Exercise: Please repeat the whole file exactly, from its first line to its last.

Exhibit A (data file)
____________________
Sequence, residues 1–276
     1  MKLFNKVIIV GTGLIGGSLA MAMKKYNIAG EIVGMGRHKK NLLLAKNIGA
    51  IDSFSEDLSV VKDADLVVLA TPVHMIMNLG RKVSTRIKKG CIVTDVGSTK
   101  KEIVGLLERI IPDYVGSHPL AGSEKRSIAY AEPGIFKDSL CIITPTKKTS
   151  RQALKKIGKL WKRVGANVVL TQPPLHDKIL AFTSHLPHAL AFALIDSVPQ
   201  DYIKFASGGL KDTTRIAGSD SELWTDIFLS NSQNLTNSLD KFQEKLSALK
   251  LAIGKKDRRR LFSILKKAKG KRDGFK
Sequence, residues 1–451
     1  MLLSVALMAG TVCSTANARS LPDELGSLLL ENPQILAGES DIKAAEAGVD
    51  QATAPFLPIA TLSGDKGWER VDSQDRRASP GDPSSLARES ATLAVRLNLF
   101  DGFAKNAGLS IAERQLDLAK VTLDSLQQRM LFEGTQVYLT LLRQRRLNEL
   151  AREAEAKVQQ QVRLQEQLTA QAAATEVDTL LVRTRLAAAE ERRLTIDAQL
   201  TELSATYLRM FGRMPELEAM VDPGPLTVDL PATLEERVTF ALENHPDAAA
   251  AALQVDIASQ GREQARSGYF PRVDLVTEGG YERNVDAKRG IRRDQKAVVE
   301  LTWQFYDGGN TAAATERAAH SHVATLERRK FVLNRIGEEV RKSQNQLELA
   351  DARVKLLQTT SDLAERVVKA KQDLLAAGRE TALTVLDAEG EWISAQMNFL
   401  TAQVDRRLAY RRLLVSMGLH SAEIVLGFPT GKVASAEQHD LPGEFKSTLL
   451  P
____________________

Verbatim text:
Sequence, residues 1–276
     1  MKLFNKVIIV GTGLIGGSLA MAMKKYNIAG EIVGMGRHKK NLLLAKNIGA
    51  IDSFSEDLSV VKDADLVVLA TPVHMIMNLG RKVSTRIKKG CIVTDVGSTK
   101  KEIVGLLERI IPDYVGSHPL AGSEKRSIAY AEPGIFKDSL CIITPTKKTS
   151  RQALKKIGKL WKRVGANVVL TQPPLHDKIL AFTSHLPHAL AFALIDSVPQ
   201  DYIKFASGGL KDTTRIAGSD SELWTDIFLS NSQNLTNSLD KFQEKLSALK
   251  LAIGKKDRRR LFSILKKAKG KRDGFK
Sequence, residues 1–451
     1  MLLSVALMAG TVCSTANARS LPDELGSLLL ENPQILAGES DIKAAEAGVD
    51  QATAPFLPIA TLSGDKGWER VDSQDRRASP GDPSSLARES ATLAVRLNLF
   101  DGFAKNAGLS IAERQLDLAK VTLDSLQQRM LFEGTQVYLT LLRQRRLNEL
   151  AREAEAKVQQ QVRLQEQLTA QAAATEVDTL LVRTRLAAAE ERRLTIDAQL
   201  TELSATYLRM FGRMPELEAM VDPGPLTVDL PATLEERVTF ALENHPDAAA
   251  AALQVDIASQ GREQARSGYF PRVDLVTEGG YERNVDAKRG IRRDQKAVVE
   301  LTWQFYDGGN TAAATERAAH SHVATLERRK FVLNRIGEEV RKSQNQLELA
   351  DARVKLLQTT SDLAERVVKA KQDLLAAGRE TALTVLDAEG EWISAQMNFL
   401  TAQVDRRLAY RRLLVSMGLH SAEIVLGFPT GKVASAEQHD LPGEFKSTLL
   451  P